Progressives in Colorado Legislature demonstrate they care little about jobs
It’s been a revealing week in Colorado politics. Disorganized, foolish and frightening for this legislative session.
This Legislature generates the same feeling I imagine would occur if parents told their children there really is a monster under the bed and it’s bigger and hungrier than the one they were worried about.
It’s no secret the Legislature’s finger jab to the eye of the Constitution on gun-control edicts caused the firearms-accessories manufacturer Magpul to begin the process of leaving the state. That seems to be just the beginning of an exodus.
Magpul has been a leader and innovator in the manufacture of magazines and other accessories for firearms, but also in revitalizing the injection molding process for the plastics the company uses in its products. Because of that, other companies that supply materials for the Magpul process will probably also follow their biggest customer to friendlier pastures.
Additionally this week, HiViz, another nationally known supplier of firearms accessories and sights, has announced plans to move its Fort Collins facility to another state.
We also know from Tuesday’s Daily Sentinel that the International Defensive Pistol Association, which was planning a shooting competition for Montrose that reportedly would have brought hundreds of competitors to the area, has canceled its event because of the state’s recent legislative actions.
Likewise, firearms manufacturer Ruger will be moving its 2013 Rimfire Challenge World Championships out of the state.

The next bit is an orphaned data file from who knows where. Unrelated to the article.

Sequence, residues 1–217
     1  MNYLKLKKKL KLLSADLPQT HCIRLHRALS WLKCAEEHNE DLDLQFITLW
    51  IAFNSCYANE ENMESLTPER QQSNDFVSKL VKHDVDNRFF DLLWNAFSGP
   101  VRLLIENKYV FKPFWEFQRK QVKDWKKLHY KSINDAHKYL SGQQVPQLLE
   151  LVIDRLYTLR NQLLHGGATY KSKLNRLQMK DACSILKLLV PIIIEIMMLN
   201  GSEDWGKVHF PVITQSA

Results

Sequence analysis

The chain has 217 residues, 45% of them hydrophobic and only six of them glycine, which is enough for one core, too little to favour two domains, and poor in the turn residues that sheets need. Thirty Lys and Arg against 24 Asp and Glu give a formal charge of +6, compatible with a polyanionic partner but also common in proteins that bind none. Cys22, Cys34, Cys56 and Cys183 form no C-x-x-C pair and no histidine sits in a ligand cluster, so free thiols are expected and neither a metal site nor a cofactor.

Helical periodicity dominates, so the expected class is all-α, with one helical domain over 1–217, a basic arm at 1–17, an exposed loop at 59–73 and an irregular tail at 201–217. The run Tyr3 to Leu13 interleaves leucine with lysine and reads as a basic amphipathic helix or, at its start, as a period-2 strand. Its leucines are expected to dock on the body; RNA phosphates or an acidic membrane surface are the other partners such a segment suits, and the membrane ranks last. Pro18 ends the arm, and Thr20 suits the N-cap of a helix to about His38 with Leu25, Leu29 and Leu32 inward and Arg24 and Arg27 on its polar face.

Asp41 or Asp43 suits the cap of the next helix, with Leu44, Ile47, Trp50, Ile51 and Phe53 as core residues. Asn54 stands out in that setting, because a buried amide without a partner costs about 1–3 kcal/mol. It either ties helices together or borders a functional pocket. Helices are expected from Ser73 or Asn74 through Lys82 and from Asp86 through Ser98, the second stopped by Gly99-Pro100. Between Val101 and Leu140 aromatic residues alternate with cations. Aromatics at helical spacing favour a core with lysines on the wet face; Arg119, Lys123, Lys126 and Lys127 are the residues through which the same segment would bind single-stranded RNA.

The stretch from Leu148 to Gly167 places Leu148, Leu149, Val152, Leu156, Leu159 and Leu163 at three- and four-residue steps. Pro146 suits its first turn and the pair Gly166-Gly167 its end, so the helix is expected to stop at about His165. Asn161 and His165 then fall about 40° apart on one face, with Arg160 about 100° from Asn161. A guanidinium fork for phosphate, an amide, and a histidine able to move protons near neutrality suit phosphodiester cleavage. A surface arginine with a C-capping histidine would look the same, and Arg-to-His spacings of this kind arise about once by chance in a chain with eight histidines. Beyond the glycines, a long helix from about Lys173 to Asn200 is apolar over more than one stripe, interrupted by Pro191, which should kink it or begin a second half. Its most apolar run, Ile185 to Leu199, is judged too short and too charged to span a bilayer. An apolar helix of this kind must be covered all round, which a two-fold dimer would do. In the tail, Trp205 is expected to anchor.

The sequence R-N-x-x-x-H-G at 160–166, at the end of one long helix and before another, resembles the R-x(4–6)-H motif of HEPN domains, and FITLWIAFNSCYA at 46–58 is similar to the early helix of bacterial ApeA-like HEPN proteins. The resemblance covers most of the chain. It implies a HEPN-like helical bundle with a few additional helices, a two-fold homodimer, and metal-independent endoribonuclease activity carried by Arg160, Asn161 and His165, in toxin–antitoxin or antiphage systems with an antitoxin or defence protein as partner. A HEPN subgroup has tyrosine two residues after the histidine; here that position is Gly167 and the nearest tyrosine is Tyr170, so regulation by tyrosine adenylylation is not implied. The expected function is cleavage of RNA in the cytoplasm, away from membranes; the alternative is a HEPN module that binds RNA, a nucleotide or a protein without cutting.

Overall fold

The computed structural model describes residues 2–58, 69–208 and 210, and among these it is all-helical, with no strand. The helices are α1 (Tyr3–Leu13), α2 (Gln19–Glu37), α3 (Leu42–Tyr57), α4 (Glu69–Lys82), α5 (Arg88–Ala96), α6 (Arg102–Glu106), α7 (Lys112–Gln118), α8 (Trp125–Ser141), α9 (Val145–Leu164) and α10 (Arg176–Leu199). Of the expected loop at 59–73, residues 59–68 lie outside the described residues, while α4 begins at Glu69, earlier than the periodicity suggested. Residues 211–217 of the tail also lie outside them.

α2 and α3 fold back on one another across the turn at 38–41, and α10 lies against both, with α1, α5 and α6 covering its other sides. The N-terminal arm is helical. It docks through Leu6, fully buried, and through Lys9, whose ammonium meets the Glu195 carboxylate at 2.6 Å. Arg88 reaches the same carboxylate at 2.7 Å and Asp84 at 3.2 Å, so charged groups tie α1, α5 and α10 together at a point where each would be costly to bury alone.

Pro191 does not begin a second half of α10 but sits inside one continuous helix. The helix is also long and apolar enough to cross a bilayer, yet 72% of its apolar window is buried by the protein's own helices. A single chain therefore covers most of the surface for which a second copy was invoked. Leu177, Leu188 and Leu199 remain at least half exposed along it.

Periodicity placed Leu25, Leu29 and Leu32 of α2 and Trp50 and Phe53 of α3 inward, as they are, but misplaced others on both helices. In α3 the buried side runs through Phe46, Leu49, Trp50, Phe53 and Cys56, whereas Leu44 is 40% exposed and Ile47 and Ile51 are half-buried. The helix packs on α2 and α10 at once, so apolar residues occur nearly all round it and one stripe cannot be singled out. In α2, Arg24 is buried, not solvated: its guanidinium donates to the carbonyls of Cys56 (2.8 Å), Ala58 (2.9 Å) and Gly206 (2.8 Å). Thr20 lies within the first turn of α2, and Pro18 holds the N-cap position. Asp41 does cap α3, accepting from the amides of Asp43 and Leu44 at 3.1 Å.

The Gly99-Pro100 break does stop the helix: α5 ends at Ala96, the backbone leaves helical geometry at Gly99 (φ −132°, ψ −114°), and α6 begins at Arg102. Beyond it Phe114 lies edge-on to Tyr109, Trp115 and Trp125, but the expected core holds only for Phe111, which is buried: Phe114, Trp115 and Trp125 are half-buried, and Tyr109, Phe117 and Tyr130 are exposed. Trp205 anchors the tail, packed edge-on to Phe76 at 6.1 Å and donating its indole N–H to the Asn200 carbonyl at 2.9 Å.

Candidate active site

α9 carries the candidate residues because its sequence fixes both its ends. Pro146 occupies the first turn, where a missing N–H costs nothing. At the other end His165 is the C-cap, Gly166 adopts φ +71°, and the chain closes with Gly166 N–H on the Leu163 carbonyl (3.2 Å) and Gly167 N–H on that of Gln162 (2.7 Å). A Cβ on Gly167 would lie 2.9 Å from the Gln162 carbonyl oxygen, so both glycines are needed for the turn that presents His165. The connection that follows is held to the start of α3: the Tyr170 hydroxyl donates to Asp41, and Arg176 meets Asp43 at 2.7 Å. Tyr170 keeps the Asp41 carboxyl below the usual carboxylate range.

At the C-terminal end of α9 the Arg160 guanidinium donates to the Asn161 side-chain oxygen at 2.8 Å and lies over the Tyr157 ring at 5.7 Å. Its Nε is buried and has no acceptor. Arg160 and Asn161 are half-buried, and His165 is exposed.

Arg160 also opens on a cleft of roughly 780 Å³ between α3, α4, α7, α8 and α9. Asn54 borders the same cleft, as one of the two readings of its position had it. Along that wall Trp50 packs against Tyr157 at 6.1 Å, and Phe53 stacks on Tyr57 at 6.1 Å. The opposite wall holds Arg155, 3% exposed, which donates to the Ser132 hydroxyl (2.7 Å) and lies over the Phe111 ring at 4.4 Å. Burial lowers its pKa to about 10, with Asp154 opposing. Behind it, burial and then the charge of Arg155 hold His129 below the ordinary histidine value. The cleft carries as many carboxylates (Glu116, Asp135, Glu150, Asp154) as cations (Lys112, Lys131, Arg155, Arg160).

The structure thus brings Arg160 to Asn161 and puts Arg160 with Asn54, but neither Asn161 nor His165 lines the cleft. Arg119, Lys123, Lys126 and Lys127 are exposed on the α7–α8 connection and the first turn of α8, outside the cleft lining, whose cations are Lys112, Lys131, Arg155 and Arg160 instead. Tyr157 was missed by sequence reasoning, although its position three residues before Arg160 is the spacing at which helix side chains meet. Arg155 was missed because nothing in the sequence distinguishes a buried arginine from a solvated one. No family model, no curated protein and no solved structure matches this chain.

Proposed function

Even for those not directly involved in these kinds of events, there is a powerful secondary impact among hotels, restaurants and countless other businesses that depend on visitors’ dollars in a state that still counts on out-of-state guests for a significant amount of revenue.
The scary conversation that goes with this litany of loss is that, according to conservative legislators, proponents of the new gun laws don’t care if we lose these jobs. The attitude seems to be to let them go, they aren’t wanted here, anyway. Proponents of the gun laws believe these companies shouldn’t be making those firearms, accessories, targets, bullets, wood grips or sand filled bags to rest their rifles upon to begin with. It’s bad juju.
Mind you, these are the same folks who feel pieces of the sky hitting their heads if a job associated with the heavily subsidized solar, wind or karma power industry is not continuously funded with tax dollars.
There is a difference here, of course. Jobs associated with the firearms industry are private and pay their own way.
The frustration for conservative legislators is in trying to make economic and job-related arguments to a core group of radical progressives that doesn’t care about those things and doesn’t want to base its decision-making on economic prosperity. Instead, this group hopes to bury prior mistakes under piles of taxpayer dollars.
Witness Senate Bill 213, which is another in an endless stream of attempts to fix a broken educational system by packing it lovingly in money. Another $1.1 billion to be exact. Thankfully, it has to rely on ballot measures to raise the taxes to do it.
Each legislative session and general election, the state’s predominantly urban delegations dutifully put forth an effort to massively raise more money for what is loosely referred to as education. In most cases, this turns out to be money which will flow through the system to the education lobby and unions, where it is recycled back through union dues for campaign donations and lobbying efforts benefiting the same politicians who raised the taxes for the whole process initially.
So far, this is one of the only recycling efforts that actually pays for itself.
Also on the agenda is Denver Sen. Irene Aguilar’s recently introduced constitutional amendment to create a state-run universal health care system. The idea would be funded, according to the Denver Business Journal, by a 6 percent payroll tax on employers, a 3 percent payroll tax on workers and a 9 percent income tax hike. This in a state that has an unemployment rate of about 7.2 percent. Mesa County’s is about 9.1 percent.
Just don’t ask about the jobs to pay for these plans. The proponents don’t seem to care.
Rick Wagner writes more on politics at his blog, The War on Wrong.